People respond differently to environmental exposures, and there are a lot of factors that may account for these differences. Factors such as age, sex, and health status, as well as genes and gut microbiomes, can play a role.
Our feature story showcases SRP grant recipients who use basic research and population-based studies to better understand individual susceptibility. Researchers are developing new models that better explain differences in susceptibility. One model uses more diverse mouse populations to study the effects of chemical exposures. We also provide examples of how grant recipients have focused research on two key organs, the liver and the brain, to uncover new insight into why some people may be more prone to disease.
Understanding individual susceptibility to complex diseases resulting from hazardous substances can lead to treatments and interventions to protect vulnerable populations and reduce the burden of disease. Addressing individual susceptibility is also a goal of the NIEHS Strategic Plan. Identifying the sources of variability and the distribution of susceptibility within a population can help inform decision making that better protects human health.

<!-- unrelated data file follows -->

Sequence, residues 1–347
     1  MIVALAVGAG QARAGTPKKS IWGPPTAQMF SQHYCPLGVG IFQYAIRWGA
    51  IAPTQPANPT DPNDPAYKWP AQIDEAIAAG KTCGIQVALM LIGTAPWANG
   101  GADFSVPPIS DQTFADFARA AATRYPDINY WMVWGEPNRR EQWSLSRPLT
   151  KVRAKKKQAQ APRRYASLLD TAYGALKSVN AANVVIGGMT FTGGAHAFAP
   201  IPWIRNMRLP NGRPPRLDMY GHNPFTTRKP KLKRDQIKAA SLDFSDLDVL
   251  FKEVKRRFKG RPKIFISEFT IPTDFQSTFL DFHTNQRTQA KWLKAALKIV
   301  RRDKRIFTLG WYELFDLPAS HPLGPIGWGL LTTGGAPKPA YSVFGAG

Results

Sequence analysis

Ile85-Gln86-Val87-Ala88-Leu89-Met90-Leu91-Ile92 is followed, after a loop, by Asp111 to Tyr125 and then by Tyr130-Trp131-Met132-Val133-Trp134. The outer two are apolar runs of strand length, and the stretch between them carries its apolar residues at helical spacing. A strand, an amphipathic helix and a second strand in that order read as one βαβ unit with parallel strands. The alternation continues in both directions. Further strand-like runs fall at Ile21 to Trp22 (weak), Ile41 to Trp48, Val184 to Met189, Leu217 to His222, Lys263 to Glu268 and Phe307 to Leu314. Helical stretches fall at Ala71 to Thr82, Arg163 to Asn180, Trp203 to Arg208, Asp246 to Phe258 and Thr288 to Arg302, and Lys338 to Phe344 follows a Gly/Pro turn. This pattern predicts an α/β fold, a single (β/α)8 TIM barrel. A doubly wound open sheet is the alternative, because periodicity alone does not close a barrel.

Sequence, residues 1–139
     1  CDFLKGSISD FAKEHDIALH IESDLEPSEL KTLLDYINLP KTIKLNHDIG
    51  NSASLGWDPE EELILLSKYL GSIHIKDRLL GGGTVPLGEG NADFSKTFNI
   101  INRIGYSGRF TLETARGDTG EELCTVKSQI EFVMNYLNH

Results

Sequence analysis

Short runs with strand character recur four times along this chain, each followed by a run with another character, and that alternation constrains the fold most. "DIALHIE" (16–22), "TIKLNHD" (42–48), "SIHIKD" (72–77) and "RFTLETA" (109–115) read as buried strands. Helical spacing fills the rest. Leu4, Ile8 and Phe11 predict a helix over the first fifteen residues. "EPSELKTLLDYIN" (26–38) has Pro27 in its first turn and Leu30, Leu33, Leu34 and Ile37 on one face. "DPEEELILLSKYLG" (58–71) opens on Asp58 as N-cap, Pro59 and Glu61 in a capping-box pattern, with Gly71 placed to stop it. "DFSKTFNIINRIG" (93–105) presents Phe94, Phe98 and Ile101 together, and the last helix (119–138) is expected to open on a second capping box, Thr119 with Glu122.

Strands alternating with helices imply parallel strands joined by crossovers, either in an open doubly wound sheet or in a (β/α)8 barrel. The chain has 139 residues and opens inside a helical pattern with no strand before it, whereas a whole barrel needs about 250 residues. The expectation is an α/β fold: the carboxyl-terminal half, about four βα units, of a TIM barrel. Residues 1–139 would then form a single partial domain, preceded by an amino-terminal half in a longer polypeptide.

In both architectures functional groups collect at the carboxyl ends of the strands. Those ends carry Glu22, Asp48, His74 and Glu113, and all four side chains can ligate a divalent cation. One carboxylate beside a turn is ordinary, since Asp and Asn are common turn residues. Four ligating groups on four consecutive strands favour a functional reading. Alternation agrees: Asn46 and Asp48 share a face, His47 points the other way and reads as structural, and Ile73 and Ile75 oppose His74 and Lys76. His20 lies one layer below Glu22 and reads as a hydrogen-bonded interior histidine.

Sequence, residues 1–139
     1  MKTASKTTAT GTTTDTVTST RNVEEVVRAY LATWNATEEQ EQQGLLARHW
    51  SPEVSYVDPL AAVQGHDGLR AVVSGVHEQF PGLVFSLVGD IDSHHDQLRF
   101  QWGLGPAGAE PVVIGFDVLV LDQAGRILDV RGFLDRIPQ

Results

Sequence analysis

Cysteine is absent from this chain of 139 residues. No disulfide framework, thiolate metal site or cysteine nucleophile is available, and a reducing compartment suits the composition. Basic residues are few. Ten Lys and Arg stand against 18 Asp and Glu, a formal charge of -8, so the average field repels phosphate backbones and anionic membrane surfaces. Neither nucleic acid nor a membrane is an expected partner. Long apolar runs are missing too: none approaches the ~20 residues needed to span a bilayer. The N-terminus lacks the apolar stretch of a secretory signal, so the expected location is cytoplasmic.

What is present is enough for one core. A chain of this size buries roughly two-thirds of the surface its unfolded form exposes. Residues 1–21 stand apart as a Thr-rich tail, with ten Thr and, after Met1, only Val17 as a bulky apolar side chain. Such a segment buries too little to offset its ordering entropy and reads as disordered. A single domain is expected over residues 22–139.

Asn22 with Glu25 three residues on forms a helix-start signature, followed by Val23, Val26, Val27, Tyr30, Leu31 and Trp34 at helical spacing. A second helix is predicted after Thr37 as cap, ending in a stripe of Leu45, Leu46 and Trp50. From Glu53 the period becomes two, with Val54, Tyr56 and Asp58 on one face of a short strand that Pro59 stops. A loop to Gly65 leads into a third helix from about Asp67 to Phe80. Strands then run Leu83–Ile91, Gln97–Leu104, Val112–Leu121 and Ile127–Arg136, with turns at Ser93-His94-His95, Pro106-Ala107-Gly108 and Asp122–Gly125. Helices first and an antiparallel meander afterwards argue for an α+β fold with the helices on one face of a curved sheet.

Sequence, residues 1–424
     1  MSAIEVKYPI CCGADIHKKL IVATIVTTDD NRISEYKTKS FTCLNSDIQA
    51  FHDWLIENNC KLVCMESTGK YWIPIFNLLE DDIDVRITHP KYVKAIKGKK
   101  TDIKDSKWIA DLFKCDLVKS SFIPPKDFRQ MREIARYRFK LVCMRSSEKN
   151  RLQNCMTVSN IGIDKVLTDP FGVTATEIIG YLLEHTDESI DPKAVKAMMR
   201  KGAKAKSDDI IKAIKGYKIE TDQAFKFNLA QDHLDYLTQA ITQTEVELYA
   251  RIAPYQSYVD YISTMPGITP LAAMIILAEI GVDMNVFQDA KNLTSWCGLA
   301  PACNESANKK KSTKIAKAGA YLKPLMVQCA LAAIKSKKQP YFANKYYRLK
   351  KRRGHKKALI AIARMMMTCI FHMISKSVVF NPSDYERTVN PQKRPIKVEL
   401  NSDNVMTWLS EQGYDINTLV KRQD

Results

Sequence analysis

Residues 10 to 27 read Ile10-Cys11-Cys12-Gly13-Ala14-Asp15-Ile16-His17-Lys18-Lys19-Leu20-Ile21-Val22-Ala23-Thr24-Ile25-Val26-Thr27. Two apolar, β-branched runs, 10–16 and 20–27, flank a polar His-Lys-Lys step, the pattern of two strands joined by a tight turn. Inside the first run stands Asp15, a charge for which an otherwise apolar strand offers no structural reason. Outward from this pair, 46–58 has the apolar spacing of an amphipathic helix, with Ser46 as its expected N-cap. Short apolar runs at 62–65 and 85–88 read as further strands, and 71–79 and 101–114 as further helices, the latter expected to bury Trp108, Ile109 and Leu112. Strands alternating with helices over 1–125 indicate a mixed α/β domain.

In addition to biological differences, people experience different exposures in the environment, and considering both is necessary to understand individual susceptibility. If we don't have a good understanding of what people are exposed to, we can't accurately figure out connections between exposure and disease.
Thankfully, we have good individual exposure assessment tools. SRP supports the Human Health Exposure Analysis Resource (HHEAR) initiative, which provides NIH-funded researchers access to centralized, high-quality exposure assessment services. SRP contributed funding to two National Exposure Assessment Laboratories focused on untargeted analysis, which SRP grant recipients are eligible to use. HHEAR provides access to state-of-the-art research services for analyzing human and environmental samples associated with environmental exposures. This resource is widely available to scientists, including SRP grant recipients, studying how chemical, biological, and social stressors affect human health.
With promising molecular techniques, scientists are gaining a new understanding of inherent differences among people. That information can be used to predict how people will differ in their susceptibility to environmental stressors, understand risk, and inform public health practitioners who are tasked with protecting vulnerable populations.
William A. Suk, Ph.D., M.P.H.
Superfund Research Program